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NYC  | © dibrova/Shutterstock
NYC | © dibrova/Shutterstock
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15 NYC Travel Tips That Might Save Your Life

Picture of Tillie Adelson
Updated: 21 April 2017
Traveling to New York City is always a good idea! But as fun and exciting as the Big Apple is, it can often be a bit daunting as well—NYC takes no prisoners, so when putting together those travel plans here are 15 NYC travel tips that might save your life!

Airbnb apartment

Since Airbnb and similar style accommodations (renting apartments) have become so popular, there is something you must keep in mind! A new NYC law has made it illegal for someone to rent their apartment to you unless they own it—in other words: if they are just renting they cannot have their apartment on Airbnb. When searching Airbnb for listings it may not be obvious who is a renter versus an owner—so be sure to ask if you are interested in renting the entire apartment.

Elevators and AC

When looking for a place to stay make sure you check if they have an elevator and air conditioning. If you are not into climbing stairs (like me!) this is a super important question as many apartments and even boutique hotels do not have elevators and you’ll be stuck schlepping your stuff up and down each day. If you are traveling in the summer, ask if the apartment has AC—otherwise, don’t even bother going … the heat will take you down.


Even with all the ride apps there are now, taking a cab in NYC is still a very easy and fast way to get around. A major tip to know: the taxi is available to give you a ride when the light in the center is on. Don’t be the person waving your hand at a bunch of cabs with no lights on!

Always give cross streets

Most New Yorkers go by cross streets when they give directions of reference an area. If you want to get somewhere, don’t give a number and the street name: give cross streets.

Metro card

You can put as much money as you want on your metro card and each ride is a flat fee—the fee isn’t based on how far you go: it’s $3.50 no matter where you go.

Museum costs

New York City is home to some of the most magnificent museums in the world. Many do cost a fee but not all do—the Metropolitan Museum of Art is free but asks for a donation, but The Guggenheim and MOMA have an entrance fee. It’s also definitely worth noting that many museums offer free entry on certain nights.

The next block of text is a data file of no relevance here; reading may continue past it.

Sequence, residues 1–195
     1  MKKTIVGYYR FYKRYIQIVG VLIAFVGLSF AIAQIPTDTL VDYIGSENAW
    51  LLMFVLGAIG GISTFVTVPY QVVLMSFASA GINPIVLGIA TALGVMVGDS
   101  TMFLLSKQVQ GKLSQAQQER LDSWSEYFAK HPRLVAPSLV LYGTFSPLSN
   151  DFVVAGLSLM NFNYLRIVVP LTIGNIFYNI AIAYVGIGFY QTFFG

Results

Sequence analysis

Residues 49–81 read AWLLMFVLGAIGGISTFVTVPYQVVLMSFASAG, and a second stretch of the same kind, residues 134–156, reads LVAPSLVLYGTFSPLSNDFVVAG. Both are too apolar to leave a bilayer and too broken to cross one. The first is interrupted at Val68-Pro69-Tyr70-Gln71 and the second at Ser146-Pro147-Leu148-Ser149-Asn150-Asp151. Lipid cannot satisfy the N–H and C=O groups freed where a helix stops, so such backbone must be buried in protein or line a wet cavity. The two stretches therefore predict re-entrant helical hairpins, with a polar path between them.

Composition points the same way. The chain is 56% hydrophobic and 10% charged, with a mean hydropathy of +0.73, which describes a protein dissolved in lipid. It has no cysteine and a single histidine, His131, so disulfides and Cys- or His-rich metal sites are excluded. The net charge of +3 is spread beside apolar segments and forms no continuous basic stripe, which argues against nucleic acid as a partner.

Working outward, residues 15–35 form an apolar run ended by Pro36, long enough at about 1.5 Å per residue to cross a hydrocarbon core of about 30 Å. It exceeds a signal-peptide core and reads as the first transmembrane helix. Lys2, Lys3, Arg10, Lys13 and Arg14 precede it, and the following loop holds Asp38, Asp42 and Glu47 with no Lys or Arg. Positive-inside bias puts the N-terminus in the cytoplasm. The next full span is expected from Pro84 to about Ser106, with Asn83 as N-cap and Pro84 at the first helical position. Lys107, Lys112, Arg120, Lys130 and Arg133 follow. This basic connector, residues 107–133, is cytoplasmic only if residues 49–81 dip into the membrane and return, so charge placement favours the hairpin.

The Met | © Kamira/Shutterstock
The Met | © Kamira/Shutterstock


You’re not going to be waiting “in” line, you’ll be waiting “on” line—and no one will be referencing the internet when they say that.

Score discounted tickets to Broadway

On the same day as the show you want to see, head to Times Square and wait “on” line at the TKE booth on 47th and Broadway (see cross streets!). If you don’t mind waiting on line and have the time, this is your best way to see a Broadway show at a reasonable price!

Broadway | © Andrey Bayda/Shutterstock
Broadway | © Andrey Bayda/Shutterstock

Empty subway car

There’s always a reason for an empty subway car—especially in the summer! It usually means there is no AC or there is a foul smell that has permeated the air. Make sure you take note and don’t choose to ride in the empty one!

10% off at Bloomingdale’s for visitors

Going shopping? Visit the flagship Bloomingdale’s store and receive 10% off when you present your ID at the visitor’s center. It’s a great place to go when it’s raining as the 6 train exits right into the store below ground.

Get the tip right

Tipping in NYC is typically 20% (some other states are a bit less so it can be confusing).

Always have cash

A lot of NYC establishments do take cards now, but there is always that one place that your friend recommended you go try and of course they don’t take credit cards. So it’s always handy to have cash in NYC.

Neighborhood acronyms to know: DUMBO, NOHO, SOHO

NYC has a lot of acronyms that have become names of neighborhoods. Some of the less obvious ones are: DUMBO: Down Under the Manhattan Bridge, NOHO: North of Houston, SOHO: South of Houston—Houston is a main street in downtown Manhattan and it’s pronounced “House – ton” not “Hugh – Stun” like the city in Texas.

In case of an emergency

Hopefully you won’t be in any kind of emergency on your visit to NYC. The city feels pretty safe and you’ll never really feel alone on the street, as there are always people out and about. However, always good to know the national emergency number: 911.

Check the weather as it will dictate your wardrobe

Depending on when you’re planning to visit NYC it may be really hot or really cold. Fall and Spring do exist but they are short. In summer, there is no need for any jackets (it literally stays hot all night). In Winter: bring boots, and even a fur as it can be just that cold. Spring and Fall: a trench coat, leather jacket (leather weather!), or jean jacket are just perfect. It can rain any time of year in NYC (summer raining is a thing), so it never hurts to bring a pair of boots.

messicanbeer | boots | © Flickr
messicanbeer | boots | © Flickr